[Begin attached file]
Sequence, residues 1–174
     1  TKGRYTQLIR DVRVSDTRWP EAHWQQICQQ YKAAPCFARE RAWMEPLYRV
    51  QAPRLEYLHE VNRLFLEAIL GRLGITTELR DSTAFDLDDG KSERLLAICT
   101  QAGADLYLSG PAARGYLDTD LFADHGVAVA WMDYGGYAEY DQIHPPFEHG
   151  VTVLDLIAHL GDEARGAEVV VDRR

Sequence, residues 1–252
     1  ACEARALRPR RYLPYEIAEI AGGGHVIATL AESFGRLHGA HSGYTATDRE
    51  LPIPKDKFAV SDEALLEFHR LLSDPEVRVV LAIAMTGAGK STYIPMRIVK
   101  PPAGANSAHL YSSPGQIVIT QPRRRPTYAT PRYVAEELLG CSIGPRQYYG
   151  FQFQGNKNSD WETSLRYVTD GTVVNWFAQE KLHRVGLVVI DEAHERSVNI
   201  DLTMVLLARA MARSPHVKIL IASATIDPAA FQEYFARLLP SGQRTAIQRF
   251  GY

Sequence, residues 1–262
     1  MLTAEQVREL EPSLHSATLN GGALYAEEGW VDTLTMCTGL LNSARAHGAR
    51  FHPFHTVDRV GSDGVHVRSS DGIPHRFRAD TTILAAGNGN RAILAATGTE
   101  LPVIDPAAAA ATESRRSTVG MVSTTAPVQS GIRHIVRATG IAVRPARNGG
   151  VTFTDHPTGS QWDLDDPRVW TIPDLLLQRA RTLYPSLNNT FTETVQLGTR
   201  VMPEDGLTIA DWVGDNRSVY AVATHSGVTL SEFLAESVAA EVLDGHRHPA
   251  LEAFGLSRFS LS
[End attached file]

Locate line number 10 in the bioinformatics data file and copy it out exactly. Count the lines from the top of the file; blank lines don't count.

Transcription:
   151  FQFQGNKNSD WETSLRYVTD GTVVNWFAQE KLHRVGLVVI DEAHERSVNI